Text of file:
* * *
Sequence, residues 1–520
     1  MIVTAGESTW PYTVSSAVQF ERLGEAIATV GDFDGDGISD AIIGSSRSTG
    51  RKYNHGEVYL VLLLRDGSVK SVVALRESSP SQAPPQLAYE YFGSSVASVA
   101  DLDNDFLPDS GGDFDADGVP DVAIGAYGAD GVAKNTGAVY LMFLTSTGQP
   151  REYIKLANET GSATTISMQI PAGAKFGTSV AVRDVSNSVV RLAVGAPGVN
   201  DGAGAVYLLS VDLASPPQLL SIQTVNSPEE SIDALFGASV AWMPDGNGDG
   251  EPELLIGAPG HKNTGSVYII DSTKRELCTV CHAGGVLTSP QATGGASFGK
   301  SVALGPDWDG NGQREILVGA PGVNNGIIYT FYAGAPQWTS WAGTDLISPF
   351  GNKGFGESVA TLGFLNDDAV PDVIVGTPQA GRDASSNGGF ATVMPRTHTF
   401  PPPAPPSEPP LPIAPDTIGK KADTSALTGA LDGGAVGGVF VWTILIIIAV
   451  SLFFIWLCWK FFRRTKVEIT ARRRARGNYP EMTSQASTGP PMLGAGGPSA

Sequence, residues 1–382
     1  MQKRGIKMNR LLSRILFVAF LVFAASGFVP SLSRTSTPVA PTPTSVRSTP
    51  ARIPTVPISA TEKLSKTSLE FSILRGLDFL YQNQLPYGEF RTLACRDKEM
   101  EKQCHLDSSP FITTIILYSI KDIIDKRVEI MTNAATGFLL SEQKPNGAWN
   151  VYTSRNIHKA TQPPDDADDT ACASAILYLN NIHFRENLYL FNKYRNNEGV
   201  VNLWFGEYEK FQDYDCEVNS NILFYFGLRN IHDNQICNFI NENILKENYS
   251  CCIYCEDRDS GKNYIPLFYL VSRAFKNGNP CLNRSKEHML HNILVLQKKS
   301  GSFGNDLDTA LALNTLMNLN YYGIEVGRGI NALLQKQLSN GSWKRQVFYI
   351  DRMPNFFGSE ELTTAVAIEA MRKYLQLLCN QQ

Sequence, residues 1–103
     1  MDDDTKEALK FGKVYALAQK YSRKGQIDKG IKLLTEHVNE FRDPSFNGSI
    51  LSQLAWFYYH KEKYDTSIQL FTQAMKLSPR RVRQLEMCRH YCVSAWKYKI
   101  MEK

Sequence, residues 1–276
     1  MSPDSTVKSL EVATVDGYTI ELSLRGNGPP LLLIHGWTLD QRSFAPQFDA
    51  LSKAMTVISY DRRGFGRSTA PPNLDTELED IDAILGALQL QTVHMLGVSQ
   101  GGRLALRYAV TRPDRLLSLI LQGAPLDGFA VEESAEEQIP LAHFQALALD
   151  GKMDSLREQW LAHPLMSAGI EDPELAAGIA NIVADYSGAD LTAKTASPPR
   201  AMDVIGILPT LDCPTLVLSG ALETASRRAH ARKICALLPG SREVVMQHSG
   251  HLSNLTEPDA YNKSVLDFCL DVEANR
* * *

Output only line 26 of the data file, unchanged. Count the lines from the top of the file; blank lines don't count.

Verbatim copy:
     1  MSPDSTVKSL EVATVDGYTI ELSLRGNGPP LLLIHGWTLD QRSFAPQFDA